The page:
Here, you'll find an elegant old street, Rue St.-Louis-en-l'île, as narrow as your living room. This is the Paris you've always imagined — quaint restaurants, pastry shops and perhaps the best ice cream ever, at the famed Berthillon (pronounced bear-tee-yone).

I had a fine lunch at Les Fous de l'Île, a cheery little bistro. For 20 bucks, I had a mussels remoulade appetizer and grilled lamb chops over a bed of potatoes. At 2:30 in the afternoon, the place was still throbbing. In France, happy hour apparently lasts from noon till about midnight.

From here, you might catch the bus to my beloved Musée d'Orsay. As you're aware, the French have lost a lot of wars over the years yet somehow managed to end up with most of the world's great artwork. Here, I learned that the Symbolists expressed a fragile world, an inner reality.

I also learned that I am particularly drawn to snowscapes or paintings of naked ladies combing their hair. The ultimate masterpiece for me would be a naked lady combing her hair in the snow, but it's difficult to get a naked person outside in even the most ideal conditions. Hence, I am not holding my breath.

Besides, I have an appointment with Napoleon.

The emperor

These days, Napoleon rests inside a series of coffins, one within the other. Honestly, I'm not sure whether it's to protect the remains from thieves or to give him additional stature.

In any case, it is a stirring burial site and comes as part of the $11 admission to the Musée de l'Armée, a sprawling, occasionally repetitive military museum in the heart of the city. You can walk here from almost anywhere, and the golden domed church in which Napoleon is housed is one of the most visible and alluring landmarks.

Parts of the Left Bank where I stayed were pretty buzzy — loud and gridlocked — but on the other side of the river, near the Opéra Garnier, I found the center of the Parisian universe. The area pulses with boutiques and cafes. There are many high-end shops, but bargains abound too. Watch your step, though. Only by the grace of God is there not a traffic death here every minute.

I don't know where I heard about Harry's New York Bar (5 Rue Daunou), a few blocks off the Avenue de l'Opéra, a comforting old Hemingway hangout with just the right blend of stale beer and overvarnished mahogany. But I needed a place to dampen my lips on a hot July day.

After a refreshment here, the French bartender and one of the locals had a grand time directing me to the Métro line that would take me to the Moulin Rouge, the famed red-light district, where I hoped to sample some absinthe.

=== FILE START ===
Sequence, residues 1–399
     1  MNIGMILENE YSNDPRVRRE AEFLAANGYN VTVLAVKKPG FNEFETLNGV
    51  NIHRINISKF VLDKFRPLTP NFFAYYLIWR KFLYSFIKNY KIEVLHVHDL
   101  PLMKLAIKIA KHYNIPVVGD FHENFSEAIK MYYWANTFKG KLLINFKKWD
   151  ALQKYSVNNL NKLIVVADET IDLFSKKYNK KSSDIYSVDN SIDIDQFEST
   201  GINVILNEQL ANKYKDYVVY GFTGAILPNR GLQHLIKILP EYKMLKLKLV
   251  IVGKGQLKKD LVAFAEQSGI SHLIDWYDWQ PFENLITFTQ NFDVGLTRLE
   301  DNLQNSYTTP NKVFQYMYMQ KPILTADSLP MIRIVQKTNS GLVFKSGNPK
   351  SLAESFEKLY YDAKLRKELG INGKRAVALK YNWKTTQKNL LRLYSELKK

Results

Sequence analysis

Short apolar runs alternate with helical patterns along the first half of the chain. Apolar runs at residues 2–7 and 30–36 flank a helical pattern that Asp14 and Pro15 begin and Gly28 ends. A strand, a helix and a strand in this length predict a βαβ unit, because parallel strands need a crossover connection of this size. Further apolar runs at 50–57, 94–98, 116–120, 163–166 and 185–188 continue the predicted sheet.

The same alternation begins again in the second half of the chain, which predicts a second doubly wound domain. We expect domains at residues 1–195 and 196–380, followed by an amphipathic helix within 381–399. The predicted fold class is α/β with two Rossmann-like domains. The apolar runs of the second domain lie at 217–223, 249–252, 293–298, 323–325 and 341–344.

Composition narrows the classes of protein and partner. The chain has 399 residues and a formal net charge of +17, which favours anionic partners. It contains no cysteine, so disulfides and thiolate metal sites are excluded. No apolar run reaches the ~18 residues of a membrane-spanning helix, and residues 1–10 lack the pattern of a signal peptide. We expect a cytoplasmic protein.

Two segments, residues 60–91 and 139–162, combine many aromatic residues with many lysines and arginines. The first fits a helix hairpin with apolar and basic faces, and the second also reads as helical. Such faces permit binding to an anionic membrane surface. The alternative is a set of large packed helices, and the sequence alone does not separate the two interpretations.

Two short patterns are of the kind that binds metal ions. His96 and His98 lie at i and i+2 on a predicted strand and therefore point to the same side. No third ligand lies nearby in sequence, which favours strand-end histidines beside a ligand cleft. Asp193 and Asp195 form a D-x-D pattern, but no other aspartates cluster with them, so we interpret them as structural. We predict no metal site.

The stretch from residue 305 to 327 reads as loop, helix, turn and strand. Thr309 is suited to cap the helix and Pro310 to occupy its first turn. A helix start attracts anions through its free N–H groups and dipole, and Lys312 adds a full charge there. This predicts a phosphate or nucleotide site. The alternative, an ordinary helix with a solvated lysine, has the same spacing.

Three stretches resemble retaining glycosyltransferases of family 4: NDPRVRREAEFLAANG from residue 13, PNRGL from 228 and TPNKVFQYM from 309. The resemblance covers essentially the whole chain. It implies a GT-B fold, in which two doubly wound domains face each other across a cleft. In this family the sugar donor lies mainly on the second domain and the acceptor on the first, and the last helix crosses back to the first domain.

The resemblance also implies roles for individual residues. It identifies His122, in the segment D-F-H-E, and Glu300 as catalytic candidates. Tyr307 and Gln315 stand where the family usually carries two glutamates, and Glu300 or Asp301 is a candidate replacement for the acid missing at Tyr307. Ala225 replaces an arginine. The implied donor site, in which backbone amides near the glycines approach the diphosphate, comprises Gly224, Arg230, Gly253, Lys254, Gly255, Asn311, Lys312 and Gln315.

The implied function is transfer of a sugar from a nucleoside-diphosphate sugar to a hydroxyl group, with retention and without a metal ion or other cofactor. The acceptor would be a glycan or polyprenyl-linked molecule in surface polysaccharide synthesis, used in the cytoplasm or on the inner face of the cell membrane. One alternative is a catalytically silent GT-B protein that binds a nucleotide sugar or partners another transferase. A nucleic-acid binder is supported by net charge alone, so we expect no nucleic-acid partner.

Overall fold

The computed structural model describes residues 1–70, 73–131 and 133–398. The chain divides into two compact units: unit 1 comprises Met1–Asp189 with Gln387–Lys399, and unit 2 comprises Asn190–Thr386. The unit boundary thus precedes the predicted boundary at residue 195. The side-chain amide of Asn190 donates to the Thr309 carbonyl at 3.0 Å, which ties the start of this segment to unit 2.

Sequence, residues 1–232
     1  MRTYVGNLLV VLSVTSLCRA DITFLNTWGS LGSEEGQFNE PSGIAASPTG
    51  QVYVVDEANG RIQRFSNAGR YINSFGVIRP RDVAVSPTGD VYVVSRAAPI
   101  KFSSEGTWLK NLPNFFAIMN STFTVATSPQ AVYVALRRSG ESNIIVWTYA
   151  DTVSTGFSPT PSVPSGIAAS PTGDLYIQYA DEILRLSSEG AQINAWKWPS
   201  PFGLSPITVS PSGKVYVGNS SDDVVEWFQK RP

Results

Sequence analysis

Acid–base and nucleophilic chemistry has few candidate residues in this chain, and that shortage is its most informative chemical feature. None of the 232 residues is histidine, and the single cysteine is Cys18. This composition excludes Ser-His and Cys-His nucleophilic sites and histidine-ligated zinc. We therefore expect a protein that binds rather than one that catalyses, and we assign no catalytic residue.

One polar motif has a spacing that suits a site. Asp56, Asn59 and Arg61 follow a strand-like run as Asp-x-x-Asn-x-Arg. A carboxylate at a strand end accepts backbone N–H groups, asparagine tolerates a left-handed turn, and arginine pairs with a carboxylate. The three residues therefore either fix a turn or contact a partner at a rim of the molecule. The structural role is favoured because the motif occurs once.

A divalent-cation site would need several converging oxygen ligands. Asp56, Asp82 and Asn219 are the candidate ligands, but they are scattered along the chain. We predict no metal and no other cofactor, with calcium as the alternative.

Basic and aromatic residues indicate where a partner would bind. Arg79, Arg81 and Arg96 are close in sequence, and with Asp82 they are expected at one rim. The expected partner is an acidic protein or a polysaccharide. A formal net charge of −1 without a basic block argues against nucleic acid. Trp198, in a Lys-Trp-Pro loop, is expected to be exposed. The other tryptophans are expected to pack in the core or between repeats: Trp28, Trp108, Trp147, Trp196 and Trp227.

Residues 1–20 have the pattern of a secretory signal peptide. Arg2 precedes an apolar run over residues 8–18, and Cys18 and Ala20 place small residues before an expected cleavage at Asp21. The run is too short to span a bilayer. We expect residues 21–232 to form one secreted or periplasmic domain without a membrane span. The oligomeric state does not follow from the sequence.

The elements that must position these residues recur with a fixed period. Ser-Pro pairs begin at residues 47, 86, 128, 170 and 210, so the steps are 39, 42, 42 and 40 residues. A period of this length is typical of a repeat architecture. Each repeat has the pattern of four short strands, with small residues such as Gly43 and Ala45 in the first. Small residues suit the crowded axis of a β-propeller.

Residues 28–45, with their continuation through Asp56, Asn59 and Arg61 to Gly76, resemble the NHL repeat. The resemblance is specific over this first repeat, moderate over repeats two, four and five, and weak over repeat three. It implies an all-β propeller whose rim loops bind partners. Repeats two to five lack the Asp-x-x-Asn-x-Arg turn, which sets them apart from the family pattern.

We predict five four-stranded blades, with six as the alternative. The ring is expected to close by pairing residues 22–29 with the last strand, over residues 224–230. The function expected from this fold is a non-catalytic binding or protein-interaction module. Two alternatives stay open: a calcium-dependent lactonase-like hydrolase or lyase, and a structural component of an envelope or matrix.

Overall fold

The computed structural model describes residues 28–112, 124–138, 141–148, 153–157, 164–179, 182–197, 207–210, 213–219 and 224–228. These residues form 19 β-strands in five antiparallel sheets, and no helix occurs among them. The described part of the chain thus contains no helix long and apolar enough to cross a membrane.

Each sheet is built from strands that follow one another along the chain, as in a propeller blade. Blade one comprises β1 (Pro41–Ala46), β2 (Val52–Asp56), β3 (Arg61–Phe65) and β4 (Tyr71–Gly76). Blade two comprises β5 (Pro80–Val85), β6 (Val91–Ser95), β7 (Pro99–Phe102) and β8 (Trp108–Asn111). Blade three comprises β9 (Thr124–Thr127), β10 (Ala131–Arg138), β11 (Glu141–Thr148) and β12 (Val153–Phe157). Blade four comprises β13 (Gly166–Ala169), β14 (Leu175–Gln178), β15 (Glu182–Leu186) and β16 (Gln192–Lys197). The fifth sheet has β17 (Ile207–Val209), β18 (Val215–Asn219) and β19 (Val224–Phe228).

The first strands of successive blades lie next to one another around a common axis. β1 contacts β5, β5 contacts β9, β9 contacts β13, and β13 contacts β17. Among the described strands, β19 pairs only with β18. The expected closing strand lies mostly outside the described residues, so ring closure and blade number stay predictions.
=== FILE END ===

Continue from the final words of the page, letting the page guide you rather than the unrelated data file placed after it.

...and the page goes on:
The No. 3 train to Villiers, then the No. 2 train toward Nation, exiting at Blanche

Despite their help, I eventually found it, after being hustled by a hooker in front of Starbucks, of all places, across from the Moulin Rouge itself. How French.

The absinthe ($12 at Hôtel Royal Fromentin, 11 Rue Fromentin) tasted like bitter lemonade. It's served, quite grandly, by dripping ice water through a sugar cube and into the absinthe itself.

Interesting, sure. But you can pretty much get the same distinctive taste from sucking on an old sweater (usually around $2). And hitting yourself simultaneously in the head with a small hammer ($5).

On Paris time

How else did I waste my time? Hey, remember what Bertrand Russell once said: "The time you enjoy wasting is not wasted time."

So I sampled a rhubarb tart at a little deli named Paul on Rue des Pyramides. I tried the cookies at one of the irresistible La Cure Gourmande candy shops. I rented a bike to tour the Tuileries, the sprawling gardens that provide an airy place to recover after your visit to the adjacent Louvre.

I took a jog along the Boulevard des Invalides to admire the bridges along the Seine. I had a bloody Mary at the Carmine Cafe, a friendly little joint a mile from the Eiffel Tower, on Avenue de Suffren. Like the people themselves, French streets seem to have a trace of irony.

And I capped my stay with a fine meal at La Petite Tour, a neighborhood restaurant in the 16th arrondissement, a 10-minute walk from the Eiffel Tower. Highly recommended by friends, it proved to be a cozy little place, where they sauté the scallops twice, then bounce them off the moon for effect. That's the way the French cook, always going the extra 239,000 miles.

I finished my final day by touring that little landmark, the Eiffel, which is best seen at night when the lines are more manageable and the strobe lights flicker every hour on the hour after the sun finally set — 10 o'clock in the middle of summer.

So that was Paris for me. Five days. Five million memories.

Don't worry so much about the language. I speak sort of a fractured high school French, and my English is even worse. I easily communicated with a windmill of pantomimes and unnecessary roughness signals, a la the NFL. Usually, I ended in a prayer-like pose, proposing marriage a dozen times — accidentally, of course.

Such is Paris, full of surprises and learning opportunities, succulent sideshows and grand masterpieces.

If you've never gone, you really should give it a whirl. Selflessly, I'd be glad to tag along.